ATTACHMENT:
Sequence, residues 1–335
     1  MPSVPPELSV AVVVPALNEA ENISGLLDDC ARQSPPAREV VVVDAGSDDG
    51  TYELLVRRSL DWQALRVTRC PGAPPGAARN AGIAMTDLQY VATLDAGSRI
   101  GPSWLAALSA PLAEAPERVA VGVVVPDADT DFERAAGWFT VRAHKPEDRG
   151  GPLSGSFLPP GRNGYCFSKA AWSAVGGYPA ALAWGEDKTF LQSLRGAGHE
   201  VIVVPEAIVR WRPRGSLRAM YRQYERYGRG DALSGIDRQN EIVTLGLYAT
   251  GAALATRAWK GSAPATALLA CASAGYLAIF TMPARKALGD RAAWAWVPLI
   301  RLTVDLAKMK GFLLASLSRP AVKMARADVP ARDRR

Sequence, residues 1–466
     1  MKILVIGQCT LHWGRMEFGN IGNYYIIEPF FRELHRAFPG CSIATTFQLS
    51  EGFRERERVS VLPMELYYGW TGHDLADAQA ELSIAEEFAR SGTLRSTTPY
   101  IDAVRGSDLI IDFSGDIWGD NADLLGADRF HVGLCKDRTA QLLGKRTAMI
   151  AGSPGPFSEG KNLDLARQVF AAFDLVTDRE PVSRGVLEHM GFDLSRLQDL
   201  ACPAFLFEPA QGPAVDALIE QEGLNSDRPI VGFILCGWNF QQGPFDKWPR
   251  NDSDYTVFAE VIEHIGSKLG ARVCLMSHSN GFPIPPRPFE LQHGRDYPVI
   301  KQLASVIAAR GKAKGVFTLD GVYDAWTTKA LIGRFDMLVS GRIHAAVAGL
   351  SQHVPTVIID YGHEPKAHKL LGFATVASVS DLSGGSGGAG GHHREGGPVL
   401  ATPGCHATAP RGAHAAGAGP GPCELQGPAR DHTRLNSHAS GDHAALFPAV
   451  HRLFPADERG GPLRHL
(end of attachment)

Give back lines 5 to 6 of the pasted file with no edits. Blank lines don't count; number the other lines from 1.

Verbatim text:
   151  GPLSGSFLPP GRNGYCFSKA AWSAVGGYPA ALAWGEDKTF LQSLRGAGHE
   201  VIVVPEAIVR WRPRGSLRAM YRQYERYGRG DALSGIDRQN EIVTLGLYAT